So where does this place Henry when he came to the throne in 1485?  Henry used the 1397 Act to cement his royal lineage even though, interestingly enough, he did not base his claim to the throne on this act.  He probably realized its precariousness and he intentionally kept his genealogy vague (Jones, Penn).  Henry obviously ignored the 1407 statute that said the Beauforts would be excluded from the throne (Griffiths 183). Therefore, Henry VII could claim the throne as the heir of the House of Lancaster through the lineage of John of Gaunt. So it is the Beaufort line on the female side that gave Henry the greatest claim to the throne. His mother, a firm supporter in his right of inheritance, made popular the story recounted by Vergil of the prophecy made by Henry VI upon meeting the young Henry, Earl of Richmond:

Whan the king saw the chylde, beholding within himself without
speache a prety space the haultie disposition therof, he ys
reportyd to H. 6 pro have sayd to the noble men ther present.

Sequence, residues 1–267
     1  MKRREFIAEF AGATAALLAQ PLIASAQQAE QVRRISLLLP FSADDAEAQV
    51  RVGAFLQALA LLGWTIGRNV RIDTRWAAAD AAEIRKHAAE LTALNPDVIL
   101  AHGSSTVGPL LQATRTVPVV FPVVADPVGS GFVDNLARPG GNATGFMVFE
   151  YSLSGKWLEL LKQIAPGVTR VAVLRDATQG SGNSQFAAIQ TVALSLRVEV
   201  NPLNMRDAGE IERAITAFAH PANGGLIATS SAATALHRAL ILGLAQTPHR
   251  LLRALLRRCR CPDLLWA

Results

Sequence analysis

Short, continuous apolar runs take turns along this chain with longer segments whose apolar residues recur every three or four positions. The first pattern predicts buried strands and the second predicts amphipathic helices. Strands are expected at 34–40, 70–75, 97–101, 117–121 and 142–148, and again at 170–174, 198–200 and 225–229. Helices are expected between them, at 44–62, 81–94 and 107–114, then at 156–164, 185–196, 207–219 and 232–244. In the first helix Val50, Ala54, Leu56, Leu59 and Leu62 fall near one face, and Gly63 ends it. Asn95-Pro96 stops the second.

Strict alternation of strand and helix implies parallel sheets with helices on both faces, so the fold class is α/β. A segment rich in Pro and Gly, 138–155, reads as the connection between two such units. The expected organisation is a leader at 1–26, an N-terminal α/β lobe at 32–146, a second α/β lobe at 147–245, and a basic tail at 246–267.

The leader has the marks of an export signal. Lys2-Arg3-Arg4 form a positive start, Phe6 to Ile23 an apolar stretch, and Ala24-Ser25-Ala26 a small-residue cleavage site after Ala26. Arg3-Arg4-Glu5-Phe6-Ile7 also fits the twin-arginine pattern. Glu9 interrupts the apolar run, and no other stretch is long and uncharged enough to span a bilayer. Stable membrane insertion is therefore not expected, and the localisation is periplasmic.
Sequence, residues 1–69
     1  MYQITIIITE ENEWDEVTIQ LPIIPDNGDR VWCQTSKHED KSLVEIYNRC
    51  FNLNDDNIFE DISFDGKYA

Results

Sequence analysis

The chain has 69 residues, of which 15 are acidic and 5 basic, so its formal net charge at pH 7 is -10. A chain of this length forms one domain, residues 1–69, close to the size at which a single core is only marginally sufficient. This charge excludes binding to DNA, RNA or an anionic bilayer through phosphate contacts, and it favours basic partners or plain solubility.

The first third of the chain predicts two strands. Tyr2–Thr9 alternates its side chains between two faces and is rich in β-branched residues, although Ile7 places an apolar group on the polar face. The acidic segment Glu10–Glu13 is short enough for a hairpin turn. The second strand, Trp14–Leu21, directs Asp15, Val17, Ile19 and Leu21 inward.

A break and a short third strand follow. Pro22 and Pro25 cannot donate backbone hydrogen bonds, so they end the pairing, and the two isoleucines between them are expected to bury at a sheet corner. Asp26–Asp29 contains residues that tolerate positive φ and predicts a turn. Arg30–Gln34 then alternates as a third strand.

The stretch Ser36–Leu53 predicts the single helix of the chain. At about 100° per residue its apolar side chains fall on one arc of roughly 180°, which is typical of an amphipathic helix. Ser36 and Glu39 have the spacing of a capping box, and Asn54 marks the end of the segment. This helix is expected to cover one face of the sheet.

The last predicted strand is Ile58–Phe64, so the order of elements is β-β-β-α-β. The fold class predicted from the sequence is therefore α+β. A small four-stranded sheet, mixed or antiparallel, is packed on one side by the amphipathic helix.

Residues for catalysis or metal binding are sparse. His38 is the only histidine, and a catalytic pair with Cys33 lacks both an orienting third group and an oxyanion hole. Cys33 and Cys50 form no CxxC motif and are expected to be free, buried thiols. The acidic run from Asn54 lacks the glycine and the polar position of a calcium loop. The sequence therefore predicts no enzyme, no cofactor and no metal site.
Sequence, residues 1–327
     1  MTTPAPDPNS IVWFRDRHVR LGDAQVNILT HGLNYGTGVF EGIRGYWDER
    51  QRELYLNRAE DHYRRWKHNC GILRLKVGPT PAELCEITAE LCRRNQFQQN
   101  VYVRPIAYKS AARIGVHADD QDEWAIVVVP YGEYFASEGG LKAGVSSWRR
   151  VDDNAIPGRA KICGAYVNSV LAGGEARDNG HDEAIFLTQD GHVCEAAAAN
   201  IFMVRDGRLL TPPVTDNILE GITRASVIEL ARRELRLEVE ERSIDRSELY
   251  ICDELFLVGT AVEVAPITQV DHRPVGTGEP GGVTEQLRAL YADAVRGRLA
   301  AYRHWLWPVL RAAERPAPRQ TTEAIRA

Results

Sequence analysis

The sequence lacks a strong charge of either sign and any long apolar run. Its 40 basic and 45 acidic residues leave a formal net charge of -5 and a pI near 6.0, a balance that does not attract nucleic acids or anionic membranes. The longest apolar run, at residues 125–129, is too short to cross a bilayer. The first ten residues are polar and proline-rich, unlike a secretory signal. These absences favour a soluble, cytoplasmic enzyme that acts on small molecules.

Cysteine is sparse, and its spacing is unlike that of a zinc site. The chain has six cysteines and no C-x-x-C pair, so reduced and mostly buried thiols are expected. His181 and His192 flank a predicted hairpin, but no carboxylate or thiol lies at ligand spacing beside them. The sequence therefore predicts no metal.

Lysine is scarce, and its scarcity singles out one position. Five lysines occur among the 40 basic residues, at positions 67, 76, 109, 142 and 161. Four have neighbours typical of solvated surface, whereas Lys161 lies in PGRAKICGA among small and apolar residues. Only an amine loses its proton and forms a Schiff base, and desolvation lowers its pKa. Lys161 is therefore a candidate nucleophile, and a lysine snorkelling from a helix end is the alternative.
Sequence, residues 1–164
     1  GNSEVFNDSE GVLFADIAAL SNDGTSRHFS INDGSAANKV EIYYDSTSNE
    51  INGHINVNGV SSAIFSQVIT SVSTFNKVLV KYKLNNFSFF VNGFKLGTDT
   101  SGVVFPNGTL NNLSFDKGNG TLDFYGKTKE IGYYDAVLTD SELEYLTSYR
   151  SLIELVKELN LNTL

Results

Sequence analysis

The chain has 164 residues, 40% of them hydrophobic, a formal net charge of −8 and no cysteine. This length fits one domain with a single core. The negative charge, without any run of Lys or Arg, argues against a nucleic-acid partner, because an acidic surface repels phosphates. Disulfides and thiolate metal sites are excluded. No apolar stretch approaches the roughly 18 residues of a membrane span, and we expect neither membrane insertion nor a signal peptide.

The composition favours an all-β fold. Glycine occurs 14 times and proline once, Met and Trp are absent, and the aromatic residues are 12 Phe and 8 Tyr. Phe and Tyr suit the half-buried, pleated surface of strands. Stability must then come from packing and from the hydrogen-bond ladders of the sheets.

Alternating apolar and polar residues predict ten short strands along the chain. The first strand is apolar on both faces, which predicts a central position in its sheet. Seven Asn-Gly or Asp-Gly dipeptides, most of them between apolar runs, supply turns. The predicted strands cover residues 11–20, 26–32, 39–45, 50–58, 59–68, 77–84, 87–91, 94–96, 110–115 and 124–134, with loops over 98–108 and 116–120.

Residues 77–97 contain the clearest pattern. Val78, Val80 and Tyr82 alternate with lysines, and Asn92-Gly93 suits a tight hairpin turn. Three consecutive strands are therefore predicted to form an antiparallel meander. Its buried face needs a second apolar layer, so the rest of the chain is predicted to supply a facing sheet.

This trewly, this is he unto whom both we and our adversaryes
must yeald and geave of H. 7. over the domynion.  Thus the holy
man shewyd yt woold coome to passe that Henry showld in time enjoy
the kingdom. (Vergil 135)

Years into his reign, Henry VII still worried that, although he was the acknowledged victor at Bosworth and the Pope had confirmed his right to the crown, he still felt the need to ensure his rule to the point of naming his first son Arthur to connect himself to the king of legend (Perry). It is obvious there were no Yorkist names for his sons—no Edward, no George, no Richard.  He also used Lancastrian names for his daughters. Carrying this further, Henry reinforced his family’s royal connections and lineage using symbolism including the Tudor rose and the Beaufort portcullis.

The Tudor Rose emerged upon the marriage of Henry VII and Elizabeth of York.  The smaller, white rose of York was surrounded by the large, red rose of Lancaster to become the emblem of the union.  The Tudor Rose was used expansively throughout the successive reigns in various formats making it perhaps the most recognizable symbol of the Tudors.  Less dramatic but in use longer was the portcullis of the Beaufort badge.  Beaufort Castle in Champagne, France, was where John of Gaunt had a stronghold.  The family embedded the portcullis into the design of the badge for the Somerset dukedom.  This was used extensively from the time of Henry VII from the badge of the London Borough of Richmond to the architecture in the King’s Chapel at Cambridge.  Its importance is seen in its longevity for in the modern era it was used on the backside of the penny until 2008.